MacRumors, quoting Business Insider:
Multiple publishers have been unimpressed with the revenue generated from Apple News+. One told Business Insider that revenue was one twentieth of what Apple promised, while another said that it was on par with what was earned from Texture, which isn’t much.
I can understand why this is – when Apple launches a new service, it anecdotally feels that paid adoption is slow until there is a tipping point in perceived value. I enjoy Apple News+ so I hope this doesn’t have any negative consequences to the service.
Chris Hughes writes:
We are a nation with a tradition of reining in monopolies, no matter how well intentioned the leaders of these companies may be. Mark’s power is unprecedented and un-American.
It is time to break up Facebook.
Very powerful words from one of the co-founders of Facebook.
Laser by Mito. Count me in on this one.
Kara Swisher, writing for the New York Times:
Suddenly, everyone wants Sheryl Sandberg to lean out.
Wow – such a great and thoughtful read.
An actual solution recognizes that this bullshit is inexcusable. It is making the web a cumulatively awful place to be. Behind closed doors, those in the advertising and marketing industry can be pretty lucid about how much they also hate surveillance scripts and how awful they find these methods, while simultaneously encouraging their use. Meanwhile, users are increasingly taking matters into their own hands — the use of ad blockers is rising across the board, many of which also block tracking scripts and other disrespectful behaviours. Users are making that choice.
They shouldn’t have to. Better choices should be made by web developers to not ship this bullshit in the first place. We wouldn’t tolerate such intrusive behaviour more generally; why are we expected to find it acceptable on the web?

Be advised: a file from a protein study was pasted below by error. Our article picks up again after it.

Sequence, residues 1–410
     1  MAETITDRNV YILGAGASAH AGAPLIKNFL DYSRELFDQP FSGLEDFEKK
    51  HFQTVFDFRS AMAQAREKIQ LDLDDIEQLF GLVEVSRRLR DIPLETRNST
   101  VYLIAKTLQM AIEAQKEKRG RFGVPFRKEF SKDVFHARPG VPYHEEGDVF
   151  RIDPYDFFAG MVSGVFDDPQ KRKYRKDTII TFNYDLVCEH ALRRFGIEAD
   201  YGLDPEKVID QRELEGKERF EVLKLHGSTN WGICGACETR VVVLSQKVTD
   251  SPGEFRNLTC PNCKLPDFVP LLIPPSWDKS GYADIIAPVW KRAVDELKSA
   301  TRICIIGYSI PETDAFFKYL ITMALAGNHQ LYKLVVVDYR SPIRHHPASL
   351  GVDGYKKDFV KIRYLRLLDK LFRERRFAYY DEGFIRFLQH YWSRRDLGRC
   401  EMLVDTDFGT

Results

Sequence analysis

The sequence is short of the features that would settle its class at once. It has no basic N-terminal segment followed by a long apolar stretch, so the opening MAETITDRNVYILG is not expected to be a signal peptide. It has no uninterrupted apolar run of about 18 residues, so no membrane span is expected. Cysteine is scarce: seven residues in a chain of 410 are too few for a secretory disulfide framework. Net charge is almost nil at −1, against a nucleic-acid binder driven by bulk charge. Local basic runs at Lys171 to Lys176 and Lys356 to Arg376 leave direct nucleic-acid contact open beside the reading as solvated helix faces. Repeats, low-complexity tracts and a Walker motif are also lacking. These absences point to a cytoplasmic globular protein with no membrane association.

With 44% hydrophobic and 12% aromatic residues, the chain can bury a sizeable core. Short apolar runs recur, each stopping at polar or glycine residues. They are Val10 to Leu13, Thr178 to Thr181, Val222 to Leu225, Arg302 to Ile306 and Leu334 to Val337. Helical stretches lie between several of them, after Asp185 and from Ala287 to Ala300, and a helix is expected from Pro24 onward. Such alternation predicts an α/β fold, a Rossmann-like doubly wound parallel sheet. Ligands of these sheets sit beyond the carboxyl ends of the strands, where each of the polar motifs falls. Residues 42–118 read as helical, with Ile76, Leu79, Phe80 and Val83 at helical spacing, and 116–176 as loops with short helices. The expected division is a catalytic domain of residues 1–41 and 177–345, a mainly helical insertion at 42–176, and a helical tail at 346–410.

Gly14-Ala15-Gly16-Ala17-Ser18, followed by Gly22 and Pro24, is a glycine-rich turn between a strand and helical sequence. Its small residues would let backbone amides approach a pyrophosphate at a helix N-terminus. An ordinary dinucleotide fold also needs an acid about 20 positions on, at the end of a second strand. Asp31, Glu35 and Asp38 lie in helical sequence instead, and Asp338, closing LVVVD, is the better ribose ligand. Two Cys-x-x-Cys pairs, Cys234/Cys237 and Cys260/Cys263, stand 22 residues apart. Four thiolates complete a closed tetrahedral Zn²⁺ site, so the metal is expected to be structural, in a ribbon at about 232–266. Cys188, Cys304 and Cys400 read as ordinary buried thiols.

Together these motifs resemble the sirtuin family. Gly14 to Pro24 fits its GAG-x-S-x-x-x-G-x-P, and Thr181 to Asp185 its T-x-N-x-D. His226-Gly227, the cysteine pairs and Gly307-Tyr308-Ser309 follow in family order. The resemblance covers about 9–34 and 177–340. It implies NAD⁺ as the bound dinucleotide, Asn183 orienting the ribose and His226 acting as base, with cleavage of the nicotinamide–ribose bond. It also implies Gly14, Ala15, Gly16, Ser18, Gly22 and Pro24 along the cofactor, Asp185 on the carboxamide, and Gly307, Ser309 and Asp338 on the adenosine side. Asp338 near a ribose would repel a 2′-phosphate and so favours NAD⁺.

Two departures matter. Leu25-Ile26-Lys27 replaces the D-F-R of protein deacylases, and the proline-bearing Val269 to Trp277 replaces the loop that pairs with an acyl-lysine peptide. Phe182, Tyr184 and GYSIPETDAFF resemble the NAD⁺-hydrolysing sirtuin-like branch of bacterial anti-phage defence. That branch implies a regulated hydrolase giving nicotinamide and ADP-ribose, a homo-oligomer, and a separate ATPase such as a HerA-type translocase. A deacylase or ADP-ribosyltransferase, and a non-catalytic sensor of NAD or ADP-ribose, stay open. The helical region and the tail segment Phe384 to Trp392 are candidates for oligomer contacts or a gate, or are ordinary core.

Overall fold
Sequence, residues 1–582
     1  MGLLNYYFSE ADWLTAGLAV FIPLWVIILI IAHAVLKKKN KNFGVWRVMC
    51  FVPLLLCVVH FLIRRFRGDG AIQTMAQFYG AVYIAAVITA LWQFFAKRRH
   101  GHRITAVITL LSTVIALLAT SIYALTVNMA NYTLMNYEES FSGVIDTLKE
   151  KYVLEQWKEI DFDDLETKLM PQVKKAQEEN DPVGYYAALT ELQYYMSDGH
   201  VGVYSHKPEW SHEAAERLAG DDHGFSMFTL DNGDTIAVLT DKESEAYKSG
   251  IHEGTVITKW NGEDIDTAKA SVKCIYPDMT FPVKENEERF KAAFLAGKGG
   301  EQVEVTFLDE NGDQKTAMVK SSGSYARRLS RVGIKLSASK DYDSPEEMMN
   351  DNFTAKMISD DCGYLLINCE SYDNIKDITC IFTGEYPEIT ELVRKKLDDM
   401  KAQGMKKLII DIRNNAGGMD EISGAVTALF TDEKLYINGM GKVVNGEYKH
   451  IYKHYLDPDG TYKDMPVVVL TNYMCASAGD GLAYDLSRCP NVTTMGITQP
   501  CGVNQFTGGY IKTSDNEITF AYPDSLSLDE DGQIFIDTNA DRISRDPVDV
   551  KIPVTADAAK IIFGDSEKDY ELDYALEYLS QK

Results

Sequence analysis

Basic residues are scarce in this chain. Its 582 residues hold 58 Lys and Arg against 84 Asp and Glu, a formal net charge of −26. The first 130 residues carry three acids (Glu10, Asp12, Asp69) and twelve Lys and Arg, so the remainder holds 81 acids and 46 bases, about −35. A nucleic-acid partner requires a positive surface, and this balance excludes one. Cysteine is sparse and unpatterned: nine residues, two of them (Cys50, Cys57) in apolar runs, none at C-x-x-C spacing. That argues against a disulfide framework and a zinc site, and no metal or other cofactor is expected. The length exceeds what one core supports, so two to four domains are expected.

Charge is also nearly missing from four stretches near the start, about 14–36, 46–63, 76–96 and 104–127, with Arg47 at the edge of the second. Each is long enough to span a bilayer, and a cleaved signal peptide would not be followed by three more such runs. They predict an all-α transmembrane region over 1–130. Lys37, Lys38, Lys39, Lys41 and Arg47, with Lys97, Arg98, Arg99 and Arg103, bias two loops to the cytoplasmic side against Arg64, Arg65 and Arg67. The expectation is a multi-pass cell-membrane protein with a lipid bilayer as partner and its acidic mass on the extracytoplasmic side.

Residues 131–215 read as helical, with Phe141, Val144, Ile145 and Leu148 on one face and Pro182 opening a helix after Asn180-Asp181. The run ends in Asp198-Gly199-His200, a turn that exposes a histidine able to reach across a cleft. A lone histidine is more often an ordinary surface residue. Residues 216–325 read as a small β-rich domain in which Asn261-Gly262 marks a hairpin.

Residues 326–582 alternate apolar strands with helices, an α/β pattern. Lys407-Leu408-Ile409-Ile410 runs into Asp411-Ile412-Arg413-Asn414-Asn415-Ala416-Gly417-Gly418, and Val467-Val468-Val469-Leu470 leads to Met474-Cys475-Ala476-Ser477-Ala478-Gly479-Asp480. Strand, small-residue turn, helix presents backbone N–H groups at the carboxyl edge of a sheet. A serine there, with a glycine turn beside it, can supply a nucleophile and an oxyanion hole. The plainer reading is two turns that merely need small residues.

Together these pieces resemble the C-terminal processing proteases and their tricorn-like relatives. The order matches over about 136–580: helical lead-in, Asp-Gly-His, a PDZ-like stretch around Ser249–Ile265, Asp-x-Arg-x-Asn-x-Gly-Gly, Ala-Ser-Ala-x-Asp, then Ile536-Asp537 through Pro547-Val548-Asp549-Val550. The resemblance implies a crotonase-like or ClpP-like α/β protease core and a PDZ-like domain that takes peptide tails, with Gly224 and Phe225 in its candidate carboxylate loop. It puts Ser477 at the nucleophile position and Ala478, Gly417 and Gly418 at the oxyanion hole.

An honest web is one in which the overwhelming majority of the code and assets downloaded to a user’s computer are used in a page’s visual presentation, with nearly all the remainder used to define the semantic structure and associated metadata on the page. Bullshit — in the form of CPU-sucking surveillance, unnecessarily-interruptive elements, and behaviours that nobody responsible for a website would themselves find appealing as a visitor — is unwelcome and intolerable.
Death to the bullshit web.
What is more interesting, though, is the story of Windows’ decline in Redmond, culminating with last week’s reorganization that, for the first time since 1980, left the company without a division devoted to personal computer operating systems (Windows was split, with the core engineering group placed under Azure, and the rest of the organization effectively under Office 365; there will still be Windows releases, but it is no longer a standalone business).
My week is already off to an amazing start with this article. I lived through this timeline; I was there and I was a part of it. What a time to be alive!
Downloaded and installed. This extension has switched me from Edge to Firefox. Firefox is great – I haven’t used it in many years. The customization and privacy options are powerful and robust.
Make sure to archive your information first:
Your Facebook archives contain just about all of the pertinent information related to your account, including your photos, active sessions, chat history, IP addresses, facial recognition data, and which ads you clicked, just to name a few. That’s a ton of personal information that you should probably maintain access to. To download your archive, go to “Settings” and click “Download a copy of your Facebook data” at the bottom of General Account Settings, and then click “Start My Archive.”
I’ll have a follow on post with more of my thoughts on Facebook, as well as how I plan on limiting – and then deleting my account.